What To Do When A Company Pulls Your Fair Use Video From YouTube

Last week Constantin Films got YouTube to pull almost all the Angry Hitler parody clips by using the website’s Content ID tracking system. The process is automatic, and YouTube immediately takes down a video once it’s been tagged. However, that also means you can use this system in reverse to get your clips back up, at least for as long as you’re in dispute with the copyright holder. Whether you do this or not will depend on how willing you are to risk a potential lawsuit later on.

Here’s how Content ID works. A content partner–Constantin Films in this case–uploads its content to YouTube to create a video and audio “fingerprint,” and then YouTube automatically scans user videos for matches. The copyright holder also sets up whatever rules it wants to use for taking clips offline.

After that, everything about the process is automatic. Unlike a DMCA takedown notice, which requires some human and legal involvement, the Content ID system works more or less like filters in your email account.

The good news is you can dispute any Content ID claim. If you have a clip that’s been targeted, you’ll see a notice about it on your YouTube account page. From there you can access a dispute page where you can affirm that you believe your clip falls under fair use, and the clip will immediately become public again. The copyright holder will receive notice that you’ve disputed the clip, and must then decide to leave you alone, send a DMCA takedown notice, or sue.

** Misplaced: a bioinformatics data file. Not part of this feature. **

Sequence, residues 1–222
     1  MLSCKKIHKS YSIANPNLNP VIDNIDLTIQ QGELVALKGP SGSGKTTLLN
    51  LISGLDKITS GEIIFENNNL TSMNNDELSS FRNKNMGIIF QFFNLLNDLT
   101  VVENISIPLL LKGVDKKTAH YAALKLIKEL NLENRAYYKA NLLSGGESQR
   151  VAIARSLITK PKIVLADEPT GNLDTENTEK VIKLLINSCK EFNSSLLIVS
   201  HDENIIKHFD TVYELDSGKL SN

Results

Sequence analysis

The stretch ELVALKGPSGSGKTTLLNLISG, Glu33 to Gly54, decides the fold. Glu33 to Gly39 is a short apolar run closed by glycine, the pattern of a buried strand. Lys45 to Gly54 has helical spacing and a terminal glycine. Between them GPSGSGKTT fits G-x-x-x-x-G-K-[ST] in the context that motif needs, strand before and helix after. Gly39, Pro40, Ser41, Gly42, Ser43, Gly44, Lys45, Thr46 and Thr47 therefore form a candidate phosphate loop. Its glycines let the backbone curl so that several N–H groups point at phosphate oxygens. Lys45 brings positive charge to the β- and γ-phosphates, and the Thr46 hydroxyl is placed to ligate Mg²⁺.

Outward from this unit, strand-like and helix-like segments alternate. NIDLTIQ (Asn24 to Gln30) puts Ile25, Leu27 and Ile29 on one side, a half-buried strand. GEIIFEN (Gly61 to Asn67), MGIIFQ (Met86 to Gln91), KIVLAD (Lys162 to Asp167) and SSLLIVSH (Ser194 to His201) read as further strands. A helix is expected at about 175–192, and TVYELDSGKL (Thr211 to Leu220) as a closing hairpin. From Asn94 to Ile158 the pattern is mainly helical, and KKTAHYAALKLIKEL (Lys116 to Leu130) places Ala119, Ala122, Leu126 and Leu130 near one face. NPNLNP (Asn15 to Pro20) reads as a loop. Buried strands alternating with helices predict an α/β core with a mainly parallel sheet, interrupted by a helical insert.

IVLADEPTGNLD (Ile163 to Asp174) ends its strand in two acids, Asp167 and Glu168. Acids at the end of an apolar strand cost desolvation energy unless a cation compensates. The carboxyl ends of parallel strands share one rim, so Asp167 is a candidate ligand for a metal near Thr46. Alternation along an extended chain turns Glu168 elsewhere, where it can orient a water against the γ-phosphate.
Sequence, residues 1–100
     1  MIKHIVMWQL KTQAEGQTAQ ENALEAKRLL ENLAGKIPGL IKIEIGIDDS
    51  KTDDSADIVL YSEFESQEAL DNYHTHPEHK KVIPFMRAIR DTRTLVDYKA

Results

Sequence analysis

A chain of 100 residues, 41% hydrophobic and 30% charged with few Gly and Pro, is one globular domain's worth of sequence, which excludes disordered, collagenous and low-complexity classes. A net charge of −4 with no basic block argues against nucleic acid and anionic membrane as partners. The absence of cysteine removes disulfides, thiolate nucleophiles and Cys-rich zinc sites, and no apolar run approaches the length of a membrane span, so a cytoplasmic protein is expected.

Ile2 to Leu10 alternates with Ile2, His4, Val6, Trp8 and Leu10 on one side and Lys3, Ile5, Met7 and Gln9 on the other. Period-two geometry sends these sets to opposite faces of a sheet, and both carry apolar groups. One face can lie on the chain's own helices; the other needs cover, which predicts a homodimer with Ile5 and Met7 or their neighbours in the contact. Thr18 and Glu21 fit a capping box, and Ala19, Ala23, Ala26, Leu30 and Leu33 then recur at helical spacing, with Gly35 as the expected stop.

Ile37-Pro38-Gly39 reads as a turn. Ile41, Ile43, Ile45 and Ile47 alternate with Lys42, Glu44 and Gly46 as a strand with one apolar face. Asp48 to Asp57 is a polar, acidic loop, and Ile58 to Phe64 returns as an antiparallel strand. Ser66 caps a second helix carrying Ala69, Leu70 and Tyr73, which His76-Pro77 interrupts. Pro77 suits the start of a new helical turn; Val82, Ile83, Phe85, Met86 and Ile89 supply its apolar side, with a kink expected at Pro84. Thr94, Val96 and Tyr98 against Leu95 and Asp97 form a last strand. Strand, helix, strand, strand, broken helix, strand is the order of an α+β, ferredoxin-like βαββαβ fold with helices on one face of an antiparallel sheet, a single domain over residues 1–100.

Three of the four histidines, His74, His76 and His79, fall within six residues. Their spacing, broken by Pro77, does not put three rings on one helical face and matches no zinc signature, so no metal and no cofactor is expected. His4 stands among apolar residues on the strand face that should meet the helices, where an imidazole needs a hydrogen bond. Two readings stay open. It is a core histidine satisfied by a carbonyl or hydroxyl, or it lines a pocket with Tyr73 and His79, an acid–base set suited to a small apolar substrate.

Brad Templeton, who created a legitimate fair use parody of Constantin Films last year using the Downfall footage, says it’s not easy to find the dispute page but that it works immediately:

YouTube does allow uploaders to file a dispute over a Content ID takedown, and I did file a dispute. Upon filing the dispute, it appears the video became immediately playable (though embedding was disabled until I turned it back on.) The uploader is not told this, however, as the YouTube status page still reports that the “dispute is still awaiting a response from Constantin Films” and that the video is “blocked worldwide.” We will see how long it takes for Constantin to respond. They don’t make the dispute form easy to find, and in fact I got no notice via e-mail that I can see to tell me of the takedown. When I visited the page logged in to YouTube, it still showed me the video even though nobody else could see it, and uploaders have to work to learn that their vids are gone.

AND NOW A WARNING. There are legal ramifications to this, which YouTube hints at and the EFF explains very clearly. If you decide to fight copyright abuse by a large company, you should make sure that you’re on the right side of the fight, that you have a sensible chance of winning a possible lawsuit, and that you’re willing to assume the financial risk. All three of those determinations probably require some serious meetings with a lawyer.

On the other hand, if you’re one of those dumb naive Internet types who make inane copyright/free speech arguments, you can check YouTube’s own “General Copyright Inquiries” page for a somewhat exasperated-sounding explanation of what types of excuses won’t work in front of a judge.

“Studio does content-ID takedown of my Hitler video about takedowns” [4Brad.com]
“Content ID and Fair Use” [YouTube Blog]
“A Guide to YouTube Removals” [Electronic Frontier Foundation]

“Say ‘Auf Wiedersehen’ To Hitler War Room Parodies”

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